Excavated fishhooks show that Paleolithic people fished, ate well

Excavated fishhooks show that Paleolithic people fished, ate well

Masaki Fujita of the Okinawa Prefectural Museum & Art Museum shows the location where fish hooks from roughly 23,000 years ago were discovered at the Valley of Gangara in Nanjo, Okinawa

September 20, 2016 Ryukyu Shimpo

At the Sakitari cave (survey site 1) in Nanjo, Okinawa where the world’s oldest fishhooks were unearthed, other artifacts including roughly 10,000 Japanese mitten crab claws were also found. The Japanese mitten crab is related to the Chinese mitten crab, which is known as a delicacy. Many giant mottled eel bones, “irabucha” (knobsnout parrotfish) bones and other fish bones were also found. Knobsnout parrotfish is known to be delicious eaten raw as sashimi. It has been said that it was likely difficult to live long-term in an island environment like Okinawa with limited resources, but these discoveries show that humans made a living through fishing for more than 20,000 years. Masaki Fujita of the Okinawa Prefectural Museum & Art Museum, a specialist in physical anthropology, who was in charge of the survey, says that people then appear to have led a surprisingly gourmet lifestyle.

Judging from the size of the excavated crab claws, the crabs’ shells were likely 8 centimeters wide. This is the size of the crabs when they are at their largest, right before they lay their eggs in autumn. After the eggs hatch in the ocean, the baby crabs grow as they swim up the river, then head toward the ocean to spawn. Fujita surmises that ancient fishermen aimed to catch the crabs right at the season when they were fullest with meat and innards.

Because the size of the crabs alone does not provide strong enough evidence, the survey also focused on “kawanina” freshwater snails that were excavated at the same time. The proportion of oxygen isotopes in the snail shells changes in accordance with increases and decreases in water temperature. By analyzing the shells, it is possible to estimate the season in which they died—that is, in which they were caught and eaten. An analysis of the excavated snail shells showed that of 28 shells for which data reflecting a season was obtained, 19 were caught in autumn, eight in summer, and one in winter.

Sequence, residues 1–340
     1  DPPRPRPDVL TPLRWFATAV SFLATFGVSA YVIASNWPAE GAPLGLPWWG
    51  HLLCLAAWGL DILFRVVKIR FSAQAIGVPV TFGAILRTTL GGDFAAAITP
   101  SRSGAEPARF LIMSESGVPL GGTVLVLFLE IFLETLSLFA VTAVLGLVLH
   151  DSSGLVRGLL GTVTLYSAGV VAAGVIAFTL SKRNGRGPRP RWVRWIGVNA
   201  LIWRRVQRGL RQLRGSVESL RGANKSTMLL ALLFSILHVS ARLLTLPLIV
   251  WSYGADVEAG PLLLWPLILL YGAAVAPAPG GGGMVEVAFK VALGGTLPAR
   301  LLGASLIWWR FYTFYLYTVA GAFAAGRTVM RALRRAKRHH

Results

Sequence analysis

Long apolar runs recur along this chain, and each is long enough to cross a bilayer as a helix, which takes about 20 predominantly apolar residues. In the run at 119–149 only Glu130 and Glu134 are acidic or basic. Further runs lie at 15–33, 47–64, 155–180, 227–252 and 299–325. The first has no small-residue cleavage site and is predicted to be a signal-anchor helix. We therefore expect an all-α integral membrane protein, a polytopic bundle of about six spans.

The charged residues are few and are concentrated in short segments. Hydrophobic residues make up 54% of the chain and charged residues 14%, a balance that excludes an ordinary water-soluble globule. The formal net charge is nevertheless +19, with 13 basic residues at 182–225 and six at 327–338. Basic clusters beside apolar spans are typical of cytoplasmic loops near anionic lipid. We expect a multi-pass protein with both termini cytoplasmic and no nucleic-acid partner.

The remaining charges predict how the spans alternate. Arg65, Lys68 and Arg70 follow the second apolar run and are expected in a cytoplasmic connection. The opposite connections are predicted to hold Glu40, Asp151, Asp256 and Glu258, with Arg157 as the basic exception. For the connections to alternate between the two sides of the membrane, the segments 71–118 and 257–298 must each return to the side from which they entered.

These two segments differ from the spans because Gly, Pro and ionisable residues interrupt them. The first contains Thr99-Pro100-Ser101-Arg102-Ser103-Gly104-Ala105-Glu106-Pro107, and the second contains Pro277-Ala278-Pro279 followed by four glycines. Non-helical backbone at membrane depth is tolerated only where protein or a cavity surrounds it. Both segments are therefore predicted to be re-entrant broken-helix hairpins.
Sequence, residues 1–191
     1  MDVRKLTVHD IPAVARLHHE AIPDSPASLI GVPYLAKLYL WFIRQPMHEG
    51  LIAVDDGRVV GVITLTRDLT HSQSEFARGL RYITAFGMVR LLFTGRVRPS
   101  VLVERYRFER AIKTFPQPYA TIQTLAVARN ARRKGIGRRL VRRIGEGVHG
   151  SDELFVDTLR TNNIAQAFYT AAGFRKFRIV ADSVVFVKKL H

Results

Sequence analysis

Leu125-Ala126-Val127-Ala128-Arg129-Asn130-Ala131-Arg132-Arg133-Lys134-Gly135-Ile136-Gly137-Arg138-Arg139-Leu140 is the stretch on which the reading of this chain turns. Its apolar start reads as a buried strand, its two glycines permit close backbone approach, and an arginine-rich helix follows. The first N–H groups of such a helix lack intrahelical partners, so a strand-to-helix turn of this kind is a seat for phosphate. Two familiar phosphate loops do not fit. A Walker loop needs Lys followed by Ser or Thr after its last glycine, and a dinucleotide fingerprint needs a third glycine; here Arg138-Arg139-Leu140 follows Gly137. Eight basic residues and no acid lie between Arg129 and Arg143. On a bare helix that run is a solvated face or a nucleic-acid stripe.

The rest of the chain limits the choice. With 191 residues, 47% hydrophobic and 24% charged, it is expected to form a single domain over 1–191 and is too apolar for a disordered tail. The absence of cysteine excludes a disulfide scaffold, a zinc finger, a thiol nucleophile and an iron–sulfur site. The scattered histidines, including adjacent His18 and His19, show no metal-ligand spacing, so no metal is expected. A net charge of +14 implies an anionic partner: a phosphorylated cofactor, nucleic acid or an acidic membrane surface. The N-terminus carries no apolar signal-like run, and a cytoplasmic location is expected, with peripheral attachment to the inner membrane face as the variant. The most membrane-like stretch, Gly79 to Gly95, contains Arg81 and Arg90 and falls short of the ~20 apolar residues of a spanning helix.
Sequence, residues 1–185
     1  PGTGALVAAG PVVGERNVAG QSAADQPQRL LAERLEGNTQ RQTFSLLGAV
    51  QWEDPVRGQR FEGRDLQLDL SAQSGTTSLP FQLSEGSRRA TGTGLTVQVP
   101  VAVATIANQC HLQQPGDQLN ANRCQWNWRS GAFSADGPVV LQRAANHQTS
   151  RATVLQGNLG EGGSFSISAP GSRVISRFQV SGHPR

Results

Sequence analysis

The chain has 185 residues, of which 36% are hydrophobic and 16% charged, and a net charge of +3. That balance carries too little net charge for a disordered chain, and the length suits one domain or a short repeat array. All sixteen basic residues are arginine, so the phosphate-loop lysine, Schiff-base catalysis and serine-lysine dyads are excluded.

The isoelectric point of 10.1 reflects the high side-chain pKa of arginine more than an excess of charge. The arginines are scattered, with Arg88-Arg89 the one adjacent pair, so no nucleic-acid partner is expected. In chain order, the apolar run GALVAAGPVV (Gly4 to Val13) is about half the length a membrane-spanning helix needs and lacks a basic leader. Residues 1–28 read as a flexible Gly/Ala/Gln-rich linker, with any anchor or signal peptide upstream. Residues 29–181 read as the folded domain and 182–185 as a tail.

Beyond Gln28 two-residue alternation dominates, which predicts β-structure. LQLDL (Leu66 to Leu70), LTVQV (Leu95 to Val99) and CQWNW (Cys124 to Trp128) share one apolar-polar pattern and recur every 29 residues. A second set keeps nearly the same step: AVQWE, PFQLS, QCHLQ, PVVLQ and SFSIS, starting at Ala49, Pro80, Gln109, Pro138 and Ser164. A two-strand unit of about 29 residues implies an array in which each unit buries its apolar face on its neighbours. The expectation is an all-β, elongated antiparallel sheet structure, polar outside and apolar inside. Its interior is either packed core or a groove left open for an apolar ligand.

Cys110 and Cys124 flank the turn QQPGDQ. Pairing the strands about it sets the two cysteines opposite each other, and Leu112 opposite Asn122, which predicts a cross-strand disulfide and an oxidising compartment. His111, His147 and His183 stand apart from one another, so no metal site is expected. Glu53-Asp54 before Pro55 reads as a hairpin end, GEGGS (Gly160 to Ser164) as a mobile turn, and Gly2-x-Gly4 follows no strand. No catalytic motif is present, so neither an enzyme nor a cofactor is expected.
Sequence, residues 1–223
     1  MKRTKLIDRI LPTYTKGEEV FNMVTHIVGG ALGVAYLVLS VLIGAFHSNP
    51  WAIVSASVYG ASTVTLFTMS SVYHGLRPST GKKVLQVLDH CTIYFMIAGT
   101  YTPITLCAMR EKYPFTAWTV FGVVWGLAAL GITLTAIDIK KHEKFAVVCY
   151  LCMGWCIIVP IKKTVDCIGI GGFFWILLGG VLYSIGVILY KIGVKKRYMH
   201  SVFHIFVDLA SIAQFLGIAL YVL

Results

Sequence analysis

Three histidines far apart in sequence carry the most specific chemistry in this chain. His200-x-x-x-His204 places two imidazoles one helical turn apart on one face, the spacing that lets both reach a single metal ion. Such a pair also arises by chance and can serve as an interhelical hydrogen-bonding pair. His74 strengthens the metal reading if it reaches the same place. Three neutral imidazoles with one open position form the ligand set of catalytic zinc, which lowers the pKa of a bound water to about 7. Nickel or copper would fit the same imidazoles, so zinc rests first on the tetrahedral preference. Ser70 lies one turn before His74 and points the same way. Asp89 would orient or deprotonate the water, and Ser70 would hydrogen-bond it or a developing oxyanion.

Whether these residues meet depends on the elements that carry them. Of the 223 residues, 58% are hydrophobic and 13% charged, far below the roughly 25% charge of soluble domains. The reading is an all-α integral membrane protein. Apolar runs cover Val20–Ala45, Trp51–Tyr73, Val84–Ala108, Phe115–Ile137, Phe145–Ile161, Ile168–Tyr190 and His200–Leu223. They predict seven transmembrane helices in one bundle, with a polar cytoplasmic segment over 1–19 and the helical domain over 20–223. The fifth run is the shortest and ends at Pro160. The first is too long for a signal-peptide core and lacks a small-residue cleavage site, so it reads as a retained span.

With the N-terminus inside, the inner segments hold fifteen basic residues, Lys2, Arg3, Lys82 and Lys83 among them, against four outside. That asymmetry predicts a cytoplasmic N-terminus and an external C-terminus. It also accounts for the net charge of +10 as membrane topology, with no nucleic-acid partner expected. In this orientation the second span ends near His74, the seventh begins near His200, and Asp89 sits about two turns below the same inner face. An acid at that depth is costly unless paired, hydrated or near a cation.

“The Japanese mitten crab is nocturnal, so people would have come to live in this cave every autumn, caught crabs and snails at night, and eaten them,” said Fujita, appearing confident in his hypothesis.
Until now, the oldest known fishhooks were ones made of shells discovered at the Jerimalai site in East Timor. They were estimated to be between 16,000 and 23,000 years old, but the exact date was unspecified. In Japan, the oldest known fishhooks were ones uncovered at Natsushima Kaizuka in Yokosuka, Kanagawa, which are estimated to be from the Jomon era, between 9,000 to 10,000 years old. There was previously no material suggesting that people were engaged in fishing in the Paleolithic era.

“Now when we imagine the lives of Paleolithic people, we can also imagine them enjoying fishing by the ocean or river. They could have eaten the same things we ate today and enjoyed the same delicious taste,” Fujita said with a smile.

Terms: Paleolithic era and calibrated age

In Japan, the Jomon period, called the Kaizuka period in Okinawa, began 16,000 years ago during the Neolithic era. The time before the Neolithic era was the Paleolithic era, which is known in Japan as the Preceramic period. Radiocarbon dating is used to estimate the age of artifacts from the Paleolithic era, and a calibrated age is now also displayed, being estimated by correcting the age obtained by radiocarbon dating using methods such as verifying the growth rings of plants. The calibrated age is a larger number than the age obtained using radiocarbon dating, and is closer to the actual age of the artifact.

(English translation by T&CT and Sandi Aritza)

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